These images, taken between 1994 and 2016 by NASA's Hubble Space Telescope, chronicle the brightening of a ring of gas around an exploded star.
The stellar blast, called Supernova 1987A, was first spotted 30 years ago. The explosion is the nearest supernova event in more than 400 years. Hubble began watching the blast's aftermath shortly after the space telescope's launch in 1990.
The growing number of bright spots on the ring was produced by a shock wave unleashed by the blast, which is slamming into the ring of gas, heating it up, and causing it to glow brighter. The ring, about one light-year across, was probably shed by the star about 20,000 years before the explosion.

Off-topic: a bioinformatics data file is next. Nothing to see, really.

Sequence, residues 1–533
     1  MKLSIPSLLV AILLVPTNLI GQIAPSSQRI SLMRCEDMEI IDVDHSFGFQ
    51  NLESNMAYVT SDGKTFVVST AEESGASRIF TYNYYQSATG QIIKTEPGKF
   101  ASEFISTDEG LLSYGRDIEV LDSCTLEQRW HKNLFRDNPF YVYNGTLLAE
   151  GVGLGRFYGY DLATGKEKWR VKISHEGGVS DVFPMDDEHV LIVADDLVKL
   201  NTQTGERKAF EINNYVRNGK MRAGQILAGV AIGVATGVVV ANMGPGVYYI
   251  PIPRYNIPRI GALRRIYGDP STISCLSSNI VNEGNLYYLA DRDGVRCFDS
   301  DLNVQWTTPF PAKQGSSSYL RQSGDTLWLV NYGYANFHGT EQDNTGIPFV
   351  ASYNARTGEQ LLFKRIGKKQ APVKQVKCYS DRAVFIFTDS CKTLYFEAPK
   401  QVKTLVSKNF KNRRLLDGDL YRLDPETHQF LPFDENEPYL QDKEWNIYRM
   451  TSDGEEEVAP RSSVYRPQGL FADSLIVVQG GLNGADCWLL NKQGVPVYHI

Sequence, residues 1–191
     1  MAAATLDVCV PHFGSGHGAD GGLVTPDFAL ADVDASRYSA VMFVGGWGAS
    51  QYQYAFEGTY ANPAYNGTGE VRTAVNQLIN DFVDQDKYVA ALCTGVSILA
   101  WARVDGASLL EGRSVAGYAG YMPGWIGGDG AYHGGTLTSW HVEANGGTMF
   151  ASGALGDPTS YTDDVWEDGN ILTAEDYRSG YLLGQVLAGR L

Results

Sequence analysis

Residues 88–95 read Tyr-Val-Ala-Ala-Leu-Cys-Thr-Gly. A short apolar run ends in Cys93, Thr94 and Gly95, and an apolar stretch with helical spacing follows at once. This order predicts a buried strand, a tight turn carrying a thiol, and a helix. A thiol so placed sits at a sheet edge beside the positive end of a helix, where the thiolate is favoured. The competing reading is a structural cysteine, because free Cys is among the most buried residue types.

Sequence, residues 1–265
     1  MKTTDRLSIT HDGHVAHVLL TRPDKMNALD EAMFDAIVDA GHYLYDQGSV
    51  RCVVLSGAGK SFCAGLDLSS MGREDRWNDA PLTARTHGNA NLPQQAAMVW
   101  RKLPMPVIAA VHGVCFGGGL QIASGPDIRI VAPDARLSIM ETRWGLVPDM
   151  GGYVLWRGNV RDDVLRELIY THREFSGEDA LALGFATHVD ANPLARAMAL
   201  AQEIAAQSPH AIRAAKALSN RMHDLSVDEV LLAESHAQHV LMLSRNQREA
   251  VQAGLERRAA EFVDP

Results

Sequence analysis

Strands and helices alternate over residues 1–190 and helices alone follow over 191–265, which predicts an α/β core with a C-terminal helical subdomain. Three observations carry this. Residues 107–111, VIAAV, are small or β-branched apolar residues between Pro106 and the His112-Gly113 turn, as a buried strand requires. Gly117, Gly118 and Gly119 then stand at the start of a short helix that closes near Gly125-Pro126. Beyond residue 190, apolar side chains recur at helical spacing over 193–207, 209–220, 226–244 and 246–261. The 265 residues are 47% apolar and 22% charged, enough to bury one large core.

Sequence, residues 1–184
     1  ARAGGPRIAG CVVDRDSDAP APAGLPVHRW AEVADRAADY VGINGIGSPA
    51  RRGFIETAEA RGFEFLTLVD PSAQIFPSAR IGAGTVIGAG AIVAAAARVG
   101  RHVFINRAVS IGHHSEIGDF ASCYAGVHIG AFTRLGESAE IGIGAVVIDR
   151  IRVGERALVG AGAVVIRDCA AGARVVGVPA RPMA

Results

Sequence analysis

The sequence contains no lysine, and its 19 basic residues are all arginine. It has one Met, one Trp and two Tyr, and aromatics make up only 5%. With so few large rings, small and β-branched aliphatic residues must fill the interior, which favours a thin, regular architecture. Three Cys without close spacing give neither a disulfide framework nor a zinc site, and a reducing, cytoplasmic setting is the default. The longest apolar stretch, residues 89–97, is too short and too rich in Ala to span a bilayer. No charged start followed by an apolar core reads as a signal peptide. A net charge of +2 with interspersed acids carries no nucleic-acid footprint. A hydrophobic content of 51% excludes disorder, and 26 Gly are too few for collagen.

Astronomers detected the first bright spot in 1997, but now the whole inner ring has brightened and looks like a string of pearls. Only Hubble can see the individual knots.
The bright spot that appears on the ring at lower right is actually a foreground star. Supernova 1987A is 163,000 light-years away in the Large Magellanic Cloud.
The images were taken with Hubble's Wide Field Camera 3, Wide Field Planetary Camera 2, and Advanced Camera for Surveys.